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In the spring of 2013, a California couple found eight half-buried jars of gold coins on their own property while walking their dog. The coins, in excellent condition, have a face value of $27,000, but because they are very old and rare the coins may bring $10 million at auction. According to a San Francisco Chronicle columnist, the couple might have tax worries. The complicated tax law, according to the columnist, may require them to pay their 2013 taxes (due April 15, 2014) based on the estimated value of the found fortune. But while the couple has a valuable new asset, they do not yet have cash for the tax man. We don't know how much income the family earns and we can't give tax advice, but the various state and federal tax laws could mean they'll have to pay state and federal taxes equaling just under half of $10 million--if that's what the coins are worth.

gold coins in cans


Photo: Kagin's/Kaginsinc.com


#7 MsJenniWren 2014-03-09 17:34
Perhaps this is the lesson to all of us, that if we crow about our good fortune, we will lose half of it. How impossible, though, to make such a find and not tell SOMEone about it!
#6 Coinsmazm57 2014-03-07 02:23
Whether the coins were "stolen" or not, why should the state/fed govt take 'nearly half' in taxes when the coins are sold? Why punish the couple's good fortune? The taxman cometh!
#5 TaxesAlixz 2014-03-06 14:49
The IRS taxes all sales of what is considered personal property. If the coins are determined to be the personal property of the couple because they were part on the purchase of the land (both above and below ground) then the couple is required to pay taxes on the "fair market value" minus the basis (original value) of the coins. The "fair market value" being the price agreed upon by a willing seller and a willing buyer. This law applies to all sales of personal type personal use property including any profit made on houses and cars and furniture, etc. If you sell it for more than you paid for it, you have a taxable income.
#4 ownerlaadler 2014-03-06 03:02
This couple was not previously engaged in the business of buying & selling gold coins and should n-o-t have to pay tax, as such, as "inventory."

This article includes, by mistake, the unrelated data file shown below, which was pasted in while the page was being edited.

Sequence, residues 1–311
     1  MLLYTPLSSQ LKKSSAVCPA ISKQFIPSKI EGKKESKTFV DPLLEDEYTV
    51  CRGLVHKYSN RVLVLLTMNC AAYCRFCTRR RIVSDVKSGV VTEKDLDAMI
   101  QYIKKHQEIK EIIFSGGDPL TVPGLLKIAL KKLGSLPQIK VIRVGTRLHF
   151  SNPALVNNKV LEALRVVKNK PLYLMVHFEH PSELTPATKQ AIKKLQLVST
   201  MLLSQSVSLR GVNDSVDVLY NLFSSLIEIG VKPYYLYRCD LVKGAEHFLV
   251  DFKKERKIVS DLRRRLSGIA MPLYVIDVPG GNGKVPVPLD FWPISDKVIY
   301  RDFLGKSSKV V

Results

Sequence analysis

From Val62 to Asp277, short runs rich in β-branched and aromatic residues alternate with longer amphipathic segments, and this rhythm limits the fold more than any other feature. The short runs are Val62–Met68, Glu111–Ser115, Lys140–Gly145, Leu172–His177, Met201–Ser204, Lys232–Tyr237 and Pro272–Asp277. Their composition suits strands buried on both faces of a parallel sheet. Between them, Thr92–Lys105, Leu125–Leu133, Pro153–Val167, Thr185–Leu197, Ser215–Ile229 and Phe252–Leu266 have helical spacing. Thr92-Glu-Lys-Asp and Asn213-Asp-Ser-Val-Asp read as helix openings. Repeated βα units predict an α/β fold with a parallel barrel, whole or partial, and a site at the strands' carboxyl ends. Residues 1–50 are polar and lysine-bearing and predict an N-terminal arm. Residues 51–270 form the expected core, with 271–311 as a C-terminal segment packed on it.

If and when the coins are sold, the appropriate % of tax would be paid at that time. The coins are only worth what someone will pay for them in re-a-l money.
What a scary article; is this still the USA?
#3 CoinsRAD4155 2014-03-06 00:40
I find it hard to believe that the couple would have to pay tax on the eventual auction value when the auction has yet to take place.
More likely, they might be taxed on the "face" value now, and will then have to pay further taxes (next year) AFTER the coins have sold.
By then, of course, they will have money in hand to pay the taxes.
No matter what, it's a lovely problem to have!
#2 May be stolen coins!norcalgal 2014-03-05 23:53
A story on Yahoo news March 4, 2014 said these coins may have been stolen from the U.S. Mint in San Francisco in 1900. The fact that they are uncirculated in mint condition and add up in face value to $27,ooo match a theft from the S.F. Mint in 1900. Records from the Mint from that era are retired to the National Archives & Records Administration, and access to the records is under their jurisdiction. I imagine some researcher will be looking for these records soon!
#1 Coinsedro3111 2014-03-05 23:17
In hindsight perhaps the couple should have been very covert and sold the coins under the table to collectors or dealers. The state and feds already rob us enough.

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